Curiosity Scientists Select Random Rock on Mars to Shoot With Laser

By Alexis C. Madrigal

N165 is the (un)luckiest bit of basalt on Mars. Which is saying something because there is a lot of basalt on Mars.

boringrock_615.jpg

Meet the most boring rock in the world. It's probably basalt, an igneous rock, which makes it like many, many other rocks and pebbles all over the world. 


What makes it interesting is that the world in question is Mars, and this random little piece of stone happens to be sitting near the Mars Curiosity rover on the floor of the Gale crater. 

And, N165, as it is being temporarily called, also happens to have a nice, flat face that happens to be in the range of the rover's laser. 

That all makes this poor little guy a perfect test rock for everyone's favorite Martian robot to fire upon. The rover is going to fire 30 laser bursts over 10 seconds, capturing the light generated by the tiny bit of plasma that the laser will create with each blast. Each element (e.g.oxygen) and rock (e.g. basalt) has a distinctive signature that the ChemCam can detect. This spectrographic technique is fast and will be deployed thousands of times on Mars. 

What do they expect to find when they blast a tiny hole in N165? Well, not much.  "We didn't pick it for its science value per se," said Roger Wiens, the ChemCam principal investigator.

They already think they know, in fact, what they're looking at in this small rock. "If I were to make my guesses, I would probably guess this is a typical Mars basalt," Wiens continued. "Basaltic rocks making up a large percentage of all the igneous rocks on Mars or maybe even all of them... So basalts typically have 48 percent silicon dioxide, and percent amounts of iron, calcium, magnesium, potassium oxides, as well. We're not really expecting any surprises."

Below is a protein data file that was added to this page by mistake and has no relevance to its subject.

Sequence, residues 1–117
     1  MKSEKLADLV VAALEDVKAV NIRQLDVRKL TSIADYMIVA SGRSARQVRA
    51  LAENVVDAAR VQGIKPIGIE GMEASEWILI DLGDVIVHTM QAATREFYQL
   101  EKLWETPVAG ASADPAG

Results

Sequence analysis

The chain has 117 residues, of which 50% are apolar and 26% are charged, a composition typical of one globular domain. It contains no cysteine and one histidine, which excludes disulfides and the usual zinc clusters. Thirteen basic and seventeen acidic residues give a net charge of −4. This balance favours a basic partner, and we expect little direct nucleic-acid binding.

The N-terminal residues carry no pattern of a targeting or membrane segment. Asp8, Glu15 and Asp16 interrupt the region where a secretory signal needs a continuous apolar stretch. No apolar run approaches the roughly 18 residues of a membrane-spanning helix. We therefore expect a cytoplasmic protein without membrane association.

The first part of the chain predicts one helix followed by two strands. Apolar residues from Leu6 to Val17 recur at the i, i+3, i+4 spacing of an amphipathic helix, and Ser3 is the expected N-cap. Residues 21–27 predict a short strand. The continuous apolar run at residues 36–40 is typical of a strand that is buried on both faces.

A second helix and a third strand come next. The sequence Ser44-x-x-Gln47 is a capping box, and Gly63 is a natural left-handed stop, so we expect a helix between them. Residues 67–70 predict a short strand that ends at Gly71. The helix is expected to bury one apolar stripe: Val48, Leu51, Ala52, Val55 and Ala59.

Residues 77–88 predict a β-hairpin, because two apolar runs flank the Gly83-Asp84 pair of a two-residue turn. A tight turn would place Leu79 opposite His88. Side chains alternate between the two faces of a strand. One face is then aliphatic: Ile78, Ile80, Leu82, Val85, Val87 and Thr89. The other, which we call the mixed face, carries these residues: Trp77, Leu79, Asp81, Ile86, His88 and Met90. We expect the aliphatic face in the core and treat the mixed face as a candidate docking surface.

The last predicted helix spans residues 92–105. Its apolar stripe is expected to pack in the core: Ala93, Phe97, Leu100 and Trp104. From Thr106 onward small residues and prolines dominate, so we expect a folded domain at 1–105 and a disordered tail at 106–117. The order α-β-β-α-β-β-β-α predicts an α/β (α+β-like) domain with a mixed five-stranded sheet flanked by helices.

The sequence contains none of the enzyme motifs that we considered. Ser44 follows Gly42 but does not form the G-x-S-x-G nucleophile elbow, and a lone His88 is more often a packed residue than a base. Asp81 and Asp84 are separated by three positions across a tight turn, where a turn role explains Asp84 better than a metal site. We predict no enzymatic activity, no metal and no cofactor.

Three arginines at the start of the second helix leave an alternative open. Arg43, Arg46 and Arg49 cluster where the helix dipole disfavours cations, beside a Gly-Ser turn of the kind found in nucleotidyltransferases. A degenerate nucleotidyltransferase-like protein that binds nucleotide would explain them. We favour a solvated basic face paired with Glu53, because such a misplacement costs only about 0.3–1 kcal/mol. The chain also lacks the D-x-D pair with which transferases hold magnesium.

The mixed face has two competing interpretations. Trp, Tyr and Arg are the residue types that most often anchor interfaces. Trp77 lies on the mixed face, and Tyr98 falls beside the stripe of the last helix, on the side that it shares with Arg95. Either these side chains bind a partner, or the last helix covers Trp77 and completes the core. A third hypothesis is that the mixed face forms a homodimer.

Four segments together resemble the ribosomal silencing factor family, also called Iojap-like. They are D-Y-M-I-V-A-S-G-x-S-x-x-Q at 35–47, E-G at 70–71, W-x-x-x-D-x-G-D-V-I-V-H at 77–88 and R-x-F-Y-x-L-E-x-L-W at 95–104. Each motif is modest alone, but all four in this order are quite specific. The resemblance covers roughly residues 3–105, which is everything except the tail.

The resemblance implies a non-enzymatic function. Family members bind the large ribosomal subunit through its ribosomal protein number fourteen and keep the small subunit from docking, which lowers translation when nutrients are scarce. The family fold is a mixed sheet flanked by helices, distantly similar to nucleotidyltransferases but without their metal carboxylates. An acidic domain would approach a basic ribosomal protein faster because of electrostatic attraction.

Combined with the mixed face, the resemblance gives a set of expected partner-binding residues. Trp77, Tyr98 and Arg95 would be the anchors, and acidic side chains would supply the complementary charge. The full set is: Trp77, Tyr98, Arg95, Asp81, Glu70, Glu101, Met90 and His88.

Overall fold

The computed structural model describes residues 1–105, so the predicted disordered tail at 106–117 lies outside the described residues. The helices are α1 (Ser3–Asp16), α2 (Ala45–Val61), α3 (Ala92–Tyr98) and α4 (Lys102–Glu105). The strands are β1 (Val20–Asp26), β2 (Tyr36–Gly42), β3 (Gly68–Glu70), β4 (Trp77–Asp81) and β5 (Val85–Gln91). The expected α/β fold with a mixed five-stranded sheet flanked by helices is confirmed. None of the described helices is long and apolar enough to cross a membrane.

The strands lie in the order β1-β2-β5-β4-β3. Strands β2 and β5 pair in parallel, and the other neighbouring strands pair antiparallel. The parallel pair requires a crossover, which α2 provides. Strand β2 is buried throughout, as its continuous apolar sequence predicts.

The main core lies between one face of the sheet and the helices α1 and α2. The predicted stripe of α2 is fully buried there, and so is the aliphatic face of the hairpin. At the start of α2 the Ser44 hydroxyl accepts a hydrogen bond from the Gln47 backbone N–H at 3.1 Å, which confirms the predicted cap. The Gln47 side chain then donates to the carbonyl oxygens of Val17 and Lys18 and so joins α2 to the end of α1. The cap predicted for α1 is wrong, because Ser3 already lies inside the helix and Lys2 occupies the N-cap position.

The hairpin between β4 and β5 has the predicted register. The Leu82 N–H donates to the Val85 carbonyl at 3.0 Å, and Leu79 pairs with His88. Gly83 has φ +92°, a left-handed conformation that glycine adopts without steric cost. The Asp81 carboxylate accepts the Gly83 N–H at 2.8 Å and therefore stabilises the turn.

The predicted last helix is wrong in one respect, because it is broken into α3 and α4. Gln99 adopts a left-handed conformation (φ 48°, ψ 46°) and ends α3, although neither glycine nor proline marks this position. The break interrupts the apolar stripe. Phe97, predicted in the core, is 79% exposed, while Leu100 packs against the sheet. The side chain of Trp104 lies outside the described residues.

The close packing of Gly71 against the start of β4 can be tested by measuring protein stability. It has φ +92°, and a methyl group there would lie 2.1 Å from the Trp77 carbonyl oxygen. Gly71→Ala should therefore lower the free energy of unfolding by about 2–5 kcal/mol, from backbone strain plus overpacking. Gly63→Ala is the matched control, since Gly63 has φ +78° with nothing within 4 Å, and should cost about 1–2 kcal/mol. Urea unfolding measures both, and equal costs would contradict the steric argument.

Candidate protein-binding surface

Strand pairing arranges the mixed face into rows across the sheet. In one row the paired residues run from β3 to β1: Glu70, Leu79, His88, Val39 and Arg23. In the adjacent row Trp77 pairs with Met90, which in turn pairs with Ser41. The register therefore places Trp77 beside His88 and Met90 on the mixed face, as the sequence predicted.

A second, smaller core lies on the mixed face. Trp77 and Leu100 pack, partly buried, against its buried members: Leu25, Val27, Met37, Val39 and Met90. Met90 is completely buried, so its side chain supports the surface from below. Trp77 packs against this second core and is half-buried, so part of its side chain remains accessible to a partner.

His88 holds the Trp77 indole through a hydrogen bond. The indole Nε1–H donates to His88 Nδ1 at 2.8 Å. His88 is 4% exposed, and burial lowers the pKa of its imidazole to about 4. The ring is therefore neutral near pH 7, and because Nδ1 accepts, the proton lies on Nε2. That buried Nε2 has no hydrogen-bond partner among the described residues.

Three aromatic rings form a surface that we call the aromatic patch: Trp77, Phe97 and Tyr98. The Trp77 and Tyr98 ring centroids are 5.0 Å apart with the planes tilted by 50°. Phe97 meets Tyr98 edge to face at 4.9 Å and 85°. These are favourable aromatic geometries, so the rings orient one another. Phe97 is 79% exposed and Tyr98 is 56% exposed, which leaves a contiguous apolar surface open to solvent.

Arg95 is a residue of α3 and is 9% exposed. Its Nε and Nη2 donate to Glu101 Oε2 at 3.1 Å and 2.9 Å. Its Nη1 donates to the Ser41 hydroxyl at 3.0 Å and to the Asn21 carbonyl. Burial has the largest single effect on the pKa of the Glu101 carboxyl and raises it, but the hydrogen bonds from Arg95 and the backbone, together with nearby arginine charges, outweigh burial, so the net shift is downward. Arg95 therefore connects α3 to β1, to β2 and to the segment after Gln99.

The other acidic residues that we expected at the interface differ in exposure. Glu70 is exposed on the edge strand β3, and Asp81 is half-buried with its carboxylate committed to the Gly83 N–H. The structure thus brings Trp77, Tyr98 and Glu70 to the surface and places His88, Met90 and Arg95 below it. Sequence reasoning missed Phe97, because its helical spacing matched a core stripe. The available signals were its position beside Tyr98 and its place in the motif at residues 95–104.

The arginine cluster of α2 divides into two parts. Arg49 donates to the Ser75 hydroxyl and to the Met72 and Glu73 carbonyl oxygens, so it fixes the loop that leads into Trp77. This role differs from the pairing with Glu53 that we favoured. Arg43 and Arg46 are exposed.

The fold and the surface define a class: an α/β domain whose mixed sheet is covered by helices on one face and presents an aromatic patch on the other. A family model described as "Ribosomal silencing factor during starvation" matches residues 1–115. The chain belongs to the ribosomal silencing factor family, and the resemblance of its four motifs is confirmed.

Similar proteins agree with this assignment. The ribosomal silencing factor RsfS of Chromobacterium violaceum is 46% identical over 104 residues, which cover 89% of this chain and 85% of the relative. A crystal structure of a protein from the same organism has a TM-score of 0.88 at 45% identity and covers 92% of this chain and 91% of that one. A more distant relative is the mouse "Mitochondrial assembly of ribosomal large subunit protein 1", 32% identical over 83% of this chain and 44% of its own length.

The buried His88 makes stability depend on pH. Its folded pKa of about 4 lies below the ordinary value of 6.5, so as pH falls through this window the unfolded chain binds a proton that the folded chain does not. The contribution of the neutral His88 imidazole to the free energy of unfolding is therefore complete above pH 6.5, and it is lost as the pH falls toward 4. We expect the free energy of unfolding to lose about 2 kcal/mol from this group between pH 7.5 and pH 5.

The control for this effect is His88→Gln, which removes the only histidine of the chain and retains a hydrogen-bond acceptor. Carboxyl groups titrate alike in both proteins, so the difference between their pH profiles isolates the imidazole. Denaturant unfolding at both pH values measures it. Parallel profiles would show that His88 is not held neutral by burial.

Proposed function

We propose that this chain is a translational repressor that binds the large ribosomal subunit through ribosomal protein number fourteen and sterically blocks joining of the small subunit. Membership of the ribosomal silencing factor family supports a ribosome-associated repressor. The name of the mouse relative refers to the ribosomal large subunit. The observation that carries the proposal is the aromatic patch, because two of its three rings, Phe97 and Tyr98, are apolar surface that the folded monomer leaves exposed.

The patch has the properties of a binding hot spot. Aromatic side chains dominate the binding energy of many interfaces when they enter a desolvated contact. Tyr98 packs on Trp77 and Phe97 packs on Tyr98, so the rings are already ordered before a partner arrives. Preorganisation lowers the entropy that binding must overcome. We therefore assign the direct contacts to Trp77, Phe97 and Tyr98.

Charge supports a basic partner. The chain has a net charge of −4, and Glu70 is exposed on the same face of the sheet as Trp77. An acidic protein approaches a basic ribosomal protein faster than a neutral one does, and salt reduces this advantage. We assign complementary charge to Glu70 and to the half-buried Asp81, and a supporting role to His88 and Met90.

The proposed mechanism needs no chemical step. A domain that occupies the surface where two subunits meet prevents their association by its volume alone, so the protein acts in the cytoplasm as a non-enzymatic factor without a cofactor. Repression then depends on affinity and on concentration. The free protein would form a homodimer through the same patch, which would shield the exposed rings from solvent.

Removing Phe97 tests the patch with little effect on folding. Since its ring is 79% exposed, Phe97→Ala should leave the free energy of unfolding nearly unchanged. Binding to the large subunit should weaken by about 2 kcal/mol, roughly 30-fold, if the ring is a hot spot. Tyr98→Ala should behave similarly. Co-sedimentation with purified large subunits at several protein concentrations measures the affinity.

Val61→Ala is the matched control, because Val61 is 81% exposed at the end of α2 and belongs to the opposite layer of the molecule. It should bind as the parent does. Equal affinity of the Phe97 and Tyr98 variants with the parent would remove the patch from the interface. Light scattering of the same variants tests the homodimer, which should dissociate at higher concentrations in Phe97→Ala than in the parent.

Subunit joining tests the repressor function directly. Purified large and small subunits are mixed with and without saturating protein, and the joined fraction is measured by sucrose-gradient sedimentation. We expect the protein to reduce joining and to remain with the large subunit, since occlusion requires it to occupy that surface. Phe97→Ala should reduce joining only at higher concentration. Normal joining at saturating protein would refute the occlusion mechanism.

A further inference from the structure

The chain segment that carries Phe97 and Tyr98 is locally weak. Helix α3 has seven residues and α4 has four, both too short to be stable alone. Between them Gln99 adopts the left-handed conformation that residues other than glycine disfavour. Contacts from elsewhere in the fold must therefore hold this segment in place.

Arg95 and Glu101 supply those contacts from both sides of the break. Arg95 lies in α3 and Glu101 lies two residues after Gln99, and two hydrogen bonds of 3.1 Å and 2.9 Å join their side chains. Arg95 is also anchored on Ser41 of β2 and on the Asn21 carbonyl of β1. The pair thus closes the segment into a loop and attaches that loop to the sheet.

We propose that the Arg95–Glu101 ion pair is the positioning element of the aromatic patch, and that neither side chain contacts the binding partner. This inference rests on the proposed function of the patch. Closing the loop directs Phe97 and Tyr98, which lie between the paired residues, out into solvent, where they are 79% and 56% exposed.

Yup, this really is just another rock. On Mars.

(Coda: perhaps the most disappointing thing about travel to outer space is that all the same rules apply. Like, it turns out that the laws of the universe are the laws of the universe. And deep down, don't we all just wish that we would go to Mars and suddenly *everything* would be different. On the other hand, it's only the stability of physical laws across these vast distances that allows us to study and understand planets and galaxies and the geology of Mars. So maybe it's a wash.)

This article available online at:

http://www.theatlantic.com/technology/archive/2012/08/curiosity-scientists-select-random-rock-on-mars-to-shoot-with-laser/261287/